How to Go Paddleboarding in Vancouver

Two people are seen in silhouette paddleboarding in Vancouver

Paddleboarding near Kits Beach. Photo: Destination Vancouver/Kindred and Scout

Vancouver is the perfect place to plan a paddleboarding adventure. You can get on the water in the heart of downtown, at the beaches, and on wilderness coastlines. No matter where you go, you’ll experience incredible mountain and cityscape views.

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How to Go Paddleboarding in Vancouver

8 Unique Ways to Go for a Paddle in Vancouver

Kayakers paddle in False Creek at Sunset

Kayakers paddle in False Creek at Sunset. Photo: Destination Vancouver/Kindred & Scout

Vancouver is a beautiful place to paddle a kayak, canoe, or stand-up paddleboard. But you can take your trip to the next level by paddling during the full moon, kayaking with seals, and more unique paddling options.

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8 Unique Ways to Go for a Paddle in Vancouver

6 Places to Try Stand-Up Paddleboarding in Vancouver

Paddleboarding on False Creek in Vancouver

Paddleboarding in False Creek. Image credit: Tourism Vancouver / Tanya Goehring

In the last few years, stand-up paddleboarding (also known as “SUP”) has become really popular. Since you stand up on the board, you get a full-body workout AND you get a much better view of your surroundings than if you were sitting in a kayak or canoe. There are lots of places near Vancouver to try it out, plus some unusual ways to experience this fun new sport.

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6 Places to Try Stand-Up Paddleboarding in Vancouver

Escape from Land Life – Paddle Vancouver

Photo: Ecomarine Paddlesports Centres

On clear, warm, bright sunny days Vancouver’s waterways come alive. Truth to be told, if it floats, Vancouverites will paddle it! I have said it before, and I will repeat it, exploring the city by water is a uniquely Vancouver experience and one that should not be missed. Imagine paddling under the Burrard Street Bridge or viewing Science World and Yaletown from the ocean. From the scenic fjord of Indian Arm to the calm, protected waters of the Nicomekl River there are countless local paddling routes available for those who dare to don a life jacket. Views of sandy beaches, rocky shores, towering skyscrapers, quirky float homes and ocean-going tankers are abundant, all part of a quick escape from life on land.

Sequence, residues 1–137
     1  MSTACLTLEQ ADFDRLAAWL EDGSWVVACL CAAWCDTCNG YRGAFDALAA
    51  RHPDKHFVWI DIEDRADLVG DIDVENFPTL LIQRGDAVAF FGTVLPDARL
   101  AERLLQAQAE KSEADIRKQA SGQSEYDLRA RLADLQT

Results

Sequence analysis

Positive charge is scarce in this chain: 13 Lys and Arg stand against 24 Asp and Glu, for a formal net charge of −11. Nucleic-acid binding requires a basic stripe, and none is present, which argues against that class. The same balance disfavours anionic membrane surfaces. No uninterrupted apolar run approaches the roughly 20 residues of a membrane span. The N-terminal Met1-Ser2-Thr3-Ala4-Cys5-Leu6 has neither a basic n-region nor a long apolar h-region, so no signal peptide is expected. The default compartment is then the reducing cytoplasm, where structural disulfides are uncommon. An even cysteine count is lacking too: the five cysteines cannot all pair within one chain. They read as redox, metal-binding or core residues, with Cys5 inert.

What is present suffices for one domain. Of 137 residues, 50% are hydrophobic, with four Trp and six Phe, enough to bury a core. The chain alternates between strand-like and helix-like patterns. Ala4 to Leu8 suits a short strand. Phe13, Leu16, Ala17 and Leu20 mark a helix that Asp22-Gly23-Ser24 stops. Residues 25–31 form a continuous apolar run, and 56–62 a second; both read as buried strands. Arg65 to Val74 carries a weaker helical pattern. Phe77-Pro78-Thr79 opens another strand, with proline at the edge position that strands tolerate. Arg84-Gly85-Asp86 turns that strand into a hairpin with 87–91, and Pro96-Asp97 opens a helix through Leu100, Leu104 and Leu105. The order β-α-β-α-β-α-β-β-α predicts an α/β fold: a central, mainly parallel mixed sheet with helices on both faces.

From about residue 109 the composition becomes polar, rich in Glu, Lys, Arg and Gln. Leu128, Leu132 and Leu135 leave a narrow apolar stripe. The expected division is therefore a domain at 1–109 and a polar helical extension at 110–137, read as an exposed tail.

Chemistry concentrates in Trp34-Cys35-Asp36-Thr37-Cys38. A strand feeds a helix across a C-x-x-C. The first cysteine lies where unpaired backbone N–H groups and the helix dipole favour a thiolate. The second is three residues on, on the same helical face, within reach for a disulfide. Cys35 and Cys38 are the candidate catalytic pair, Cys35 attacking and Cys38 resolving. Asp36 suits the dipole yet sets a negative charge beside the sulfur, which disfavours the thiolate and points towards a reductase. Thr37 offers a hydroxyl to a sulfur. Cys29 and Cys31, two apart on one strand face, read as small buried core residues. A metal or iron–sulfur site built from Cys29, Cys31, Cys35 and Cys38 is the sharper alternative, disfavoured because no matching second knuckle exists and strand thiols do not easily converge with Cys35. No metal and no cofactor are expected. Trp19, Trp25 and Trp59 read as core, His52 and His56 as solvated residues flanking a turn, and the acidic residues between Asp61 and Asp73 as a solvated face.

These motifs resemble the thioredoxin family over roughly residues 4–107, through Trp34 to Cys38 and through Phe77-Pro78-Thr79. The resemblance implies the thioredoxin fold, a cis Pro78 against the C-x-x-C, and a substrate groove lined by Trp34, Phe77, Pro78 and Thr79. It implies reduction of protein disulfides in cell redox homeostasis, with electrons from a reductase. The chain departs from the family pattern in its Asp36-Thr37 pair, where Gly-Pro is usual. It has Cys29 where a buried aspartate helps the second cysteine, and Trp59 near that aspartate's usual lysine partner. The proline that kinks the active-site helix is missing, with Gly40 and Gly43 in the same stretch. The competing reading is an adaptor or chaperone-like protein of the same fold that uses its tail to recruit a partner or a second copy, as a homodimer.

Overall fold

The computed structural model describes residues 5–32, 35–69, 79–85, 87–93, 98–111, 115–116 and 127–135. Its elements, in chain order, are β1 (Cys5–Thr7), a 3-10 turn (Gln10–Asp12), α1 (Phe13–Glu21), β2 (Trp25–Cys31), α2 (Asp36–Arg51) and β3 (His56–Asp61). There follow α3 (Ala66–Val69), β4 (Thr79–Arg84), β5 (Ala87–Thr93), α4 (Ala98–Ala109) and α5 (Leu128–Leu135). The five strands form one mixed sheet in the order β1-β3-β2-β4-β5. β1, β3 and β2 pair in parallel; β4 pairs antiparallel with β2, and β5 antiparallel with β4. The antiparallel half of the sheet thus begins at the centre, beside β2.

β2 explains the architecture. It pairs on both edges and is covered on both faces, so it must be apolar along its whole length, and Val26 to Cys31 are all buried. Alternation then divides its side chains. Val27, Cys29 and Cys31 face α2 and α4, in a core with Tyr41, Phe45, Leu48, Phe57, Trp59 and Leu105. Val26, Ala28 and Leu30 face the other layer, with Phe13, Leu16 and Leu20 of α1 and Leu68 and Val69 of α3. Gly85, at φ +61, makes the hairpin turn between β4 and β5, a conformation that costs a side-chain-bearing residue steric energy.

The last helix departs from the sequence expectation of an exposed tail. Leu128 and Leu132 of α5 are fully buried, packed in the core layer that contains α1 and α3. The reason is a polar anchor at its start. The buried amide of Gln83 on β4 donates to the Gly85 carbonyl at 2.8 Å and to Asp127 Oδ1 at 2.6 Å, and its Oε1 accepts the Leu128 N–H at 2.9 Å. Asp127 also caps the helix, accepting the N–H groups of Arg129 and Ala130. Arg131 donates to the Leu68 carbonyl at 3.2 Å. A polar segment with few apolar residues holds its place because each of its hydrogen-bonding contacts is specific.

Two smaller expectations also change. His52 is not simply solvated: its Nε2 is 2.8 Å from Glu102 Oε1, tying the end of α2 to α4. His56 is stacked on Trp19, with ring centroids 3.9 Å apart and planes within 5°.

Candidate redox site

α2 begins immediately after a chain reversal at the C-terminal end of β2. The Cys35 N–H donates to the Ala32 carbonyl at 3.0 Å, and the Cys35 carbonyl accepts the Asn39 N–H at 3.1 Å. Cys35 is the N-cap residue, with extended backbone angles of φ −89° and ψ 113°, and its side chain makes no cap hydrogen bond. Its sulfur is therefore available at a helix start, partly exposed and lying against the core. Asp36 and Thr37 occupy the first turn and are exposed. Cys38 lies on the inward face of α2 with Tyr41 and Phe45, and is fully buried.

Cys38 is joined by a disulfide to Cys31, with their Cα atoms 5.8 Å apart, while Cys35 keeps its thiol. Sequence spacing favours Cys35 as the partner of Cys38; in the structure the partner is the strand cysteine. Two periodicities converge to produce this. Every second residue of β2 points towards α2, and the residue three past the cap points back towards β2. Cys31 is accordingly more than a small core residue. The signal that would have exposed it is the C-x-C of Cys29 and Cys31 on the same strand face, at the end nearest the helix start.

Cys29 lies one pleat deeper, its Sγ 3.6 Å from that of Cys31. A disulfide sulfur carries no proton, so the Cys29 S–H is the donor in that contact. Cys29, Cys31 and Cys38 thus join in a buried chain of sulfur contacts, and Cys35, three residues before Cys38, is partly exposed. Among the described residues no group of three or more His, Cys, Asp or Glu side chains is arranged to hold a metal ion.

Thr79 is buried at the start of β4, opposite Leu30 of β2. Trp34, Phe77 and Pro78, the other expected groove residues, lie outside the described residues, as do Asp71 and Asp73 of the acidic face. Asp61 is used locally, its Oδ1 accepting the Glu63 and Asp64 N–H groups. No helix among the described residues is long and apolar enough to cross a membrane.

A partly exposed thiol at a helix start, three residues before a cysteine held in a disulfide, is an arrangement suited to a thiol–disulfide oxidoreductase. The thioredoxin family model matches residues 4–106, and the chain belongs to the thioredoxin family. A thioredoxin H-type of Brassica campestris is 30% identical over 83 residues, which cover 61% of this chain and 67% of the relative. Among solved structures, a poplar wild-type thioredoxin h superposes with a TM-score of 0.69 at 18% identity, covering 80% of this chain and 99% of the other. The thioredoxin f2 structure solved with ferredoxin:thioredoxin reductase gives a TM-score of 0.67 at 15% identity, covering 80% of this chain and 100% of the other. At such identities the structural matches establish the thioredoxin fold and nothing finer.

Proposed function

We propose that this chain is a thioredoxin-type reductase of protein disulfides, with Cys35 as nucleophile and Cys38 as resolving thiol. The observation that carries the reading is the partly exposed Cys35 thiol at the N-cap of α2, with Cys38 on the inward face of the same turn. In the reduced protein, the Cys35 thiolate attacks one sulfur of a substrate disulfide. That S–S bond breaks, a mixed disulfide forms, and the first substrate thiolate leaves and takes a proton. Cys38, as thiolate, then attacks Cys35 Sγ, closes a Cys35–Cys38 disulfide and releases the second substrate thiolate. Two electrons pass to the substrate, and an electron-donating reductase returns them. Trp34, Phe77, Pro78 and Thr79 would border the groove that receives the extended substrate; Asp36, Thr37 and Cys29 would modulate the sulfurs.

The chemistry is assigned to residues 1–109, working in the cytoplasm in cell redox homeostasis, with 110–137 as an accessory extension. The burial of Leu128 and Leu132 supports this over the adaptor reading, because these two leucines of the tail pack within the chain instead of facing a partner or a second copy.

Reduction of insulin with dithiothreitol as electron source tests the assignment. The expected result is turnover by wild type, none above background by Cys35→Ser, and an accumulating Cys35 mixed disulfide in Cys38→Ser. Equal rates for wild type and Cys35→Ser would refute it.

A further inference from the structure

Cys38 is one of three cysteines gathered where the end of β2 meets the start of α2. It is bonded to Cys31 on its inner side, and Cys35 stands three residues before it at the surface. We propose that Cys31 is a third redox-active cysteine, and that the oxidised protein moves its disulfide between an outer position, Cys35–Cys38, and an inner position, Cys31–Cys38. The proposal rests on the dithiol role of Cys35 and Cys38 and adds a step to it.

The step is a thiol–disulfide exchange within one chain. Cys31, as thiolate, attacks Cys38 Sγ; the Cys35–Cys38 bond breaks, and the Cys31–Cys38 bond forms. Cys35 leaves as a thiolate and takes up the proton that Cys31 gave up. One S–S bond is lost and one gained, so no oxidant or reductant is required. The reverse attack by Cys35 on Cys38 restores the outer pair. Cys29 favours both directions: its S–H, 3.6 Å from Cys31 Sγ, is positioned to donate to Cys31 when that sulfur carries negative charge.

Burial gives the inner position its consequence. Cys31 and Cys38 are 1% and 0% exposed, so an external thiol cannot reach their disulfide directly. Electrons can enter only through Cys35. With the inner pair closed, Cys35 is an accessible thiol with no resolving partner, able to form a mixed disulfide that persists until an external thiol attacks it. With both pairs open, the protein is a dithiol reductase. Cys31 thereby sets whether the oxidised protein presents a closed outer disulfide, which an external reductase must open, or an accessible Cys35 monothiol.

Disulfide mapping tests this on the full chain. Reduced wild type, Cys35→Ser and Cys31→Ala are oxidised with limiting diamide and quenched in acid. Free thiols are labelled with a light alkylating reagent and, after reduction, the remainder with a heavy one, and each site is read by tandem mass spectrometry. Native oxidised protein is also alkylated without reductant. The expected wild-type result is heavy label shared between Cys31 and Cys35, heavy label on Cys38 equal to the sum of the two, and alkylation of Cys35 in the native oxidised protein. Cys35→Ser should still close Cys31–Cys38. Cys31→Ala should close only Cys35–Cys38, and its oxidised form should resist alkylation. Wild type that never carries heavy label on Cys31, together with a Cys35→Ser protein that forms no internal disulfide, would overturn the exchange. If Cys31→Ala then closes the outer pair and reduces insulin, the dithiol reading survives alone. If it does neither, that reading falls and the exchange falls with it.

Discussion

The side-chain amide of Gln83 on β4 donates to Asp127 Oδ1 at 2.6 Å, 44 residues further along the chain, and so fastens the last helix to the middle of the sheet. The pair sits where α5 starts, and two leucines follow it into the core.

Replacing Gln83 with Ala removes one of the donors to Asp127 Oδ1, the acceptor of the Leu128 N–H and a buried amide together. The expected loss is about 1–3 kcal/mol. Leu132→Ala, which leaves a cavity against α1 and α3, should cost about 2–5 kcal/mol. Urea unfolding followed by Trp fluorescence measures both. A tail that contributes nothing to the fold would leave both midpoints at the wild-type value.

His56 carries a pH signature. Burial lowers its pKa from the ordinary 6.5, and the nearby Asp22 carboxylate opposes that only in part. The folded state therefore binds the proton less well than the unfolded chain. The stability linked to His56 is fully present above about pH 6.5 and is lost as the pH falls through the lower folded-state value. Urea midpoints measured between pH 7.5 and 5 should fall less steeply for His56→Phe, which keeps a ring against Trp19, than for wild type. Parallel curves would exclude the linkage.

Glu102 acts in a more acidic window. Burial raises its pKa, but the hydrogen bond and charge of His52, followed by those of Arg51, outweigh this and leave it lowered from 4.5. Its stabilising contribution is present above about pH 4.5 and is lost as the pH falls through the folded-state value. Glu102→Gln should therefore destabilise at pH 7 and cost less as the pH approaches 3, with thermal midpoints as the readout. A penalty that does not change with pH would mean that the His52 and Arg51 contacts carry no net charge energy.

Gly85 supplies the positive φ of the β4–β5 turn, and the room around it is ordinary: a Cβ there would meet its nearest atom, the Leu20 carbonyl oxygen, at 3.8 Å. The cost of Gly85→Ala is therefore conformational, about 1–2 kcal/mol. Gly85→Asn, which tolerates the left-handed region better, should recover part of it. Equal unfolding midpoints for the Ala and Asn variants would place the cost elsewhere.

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Escape from Land Life – Paddle Vancouver

Vancouver’s Great Duo – Paddling & English Bay

Dragon Boat – English Bay Photo: Rob Weiss

What comes to mind when you think of great duos? Simon and Garfunkel, peanut butter and jelly, fish and chips or perhaps Beauty and the Beast? Personally, one of my favourite duos is the combination of English Bay and paddling. It doesn’t matter what you’re paddling; dragon boat, kayak, canoe, rowboat or stand up paddle board. The thrill of viewing Vancouver’s skyline, Stanley Park, and the spectacular North Shore Mountains from the ocean by a self-propelled watercraft is undeniable.

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Vancouver’s Great Duo – Paddling & English Bay

Vancouver’s Next Super Highway? Salish Sea Marine Trail

bc-marine-trail-discover-the-outdoors4

Photo: Rob Weiss

Tired of ferry line-ups and traffic jams?  The B.C. Marine Trails Network Association (BCMTNA) has the solution!  Imagine a magnificent, 257-kilometre saltwater route connecting Vancouver’s lower mainland to Victoria.  Granted, you will need to rethink the amount of luggage you are toting as you will require a canoe, kayak or small “beachable” boat to travel along the Salish Sea Marine Trail.  This spectacular route, designed specifically for paddlers, will add an impressive water leg to the Great Trail, previously known as the Trans Canada Trail.  If all goes according to plan the trail will be complete in time for Canada’s 150 birthday celebration in July 2017.  Now that’s a birthday gift!

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Vancouver’s Next Super Highway? Salish Sea Marine Trail

What’SUP – Paddleboarding in Vancouver

Discover Outdoors SUP3

Sunset Paddle English Bay Photo: Rob Weiss

I have been paddling for as long as I can remember.  From the rugged northern lakes of Algonquin Park in Ontario, to the white-water of Alberta’s magnificent rivers and the natural oasis of BC’s oceans, I have yet to meet a body of water that I haven’t wanted to paddle.  Honestly, when Stand Up Paddleboards (SUP) first came on the scene, I thought they were a little silly.  Why would one choose to stand up on a board, when canoes and kayaks are viable options?  Eventually, I decided it was time to be mature, try Stand Up Paddleboarding and discover for myself the attraction of the sport.  After all, how could so many people be wrong?

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What’SUP – Paddleboarding in Vancouver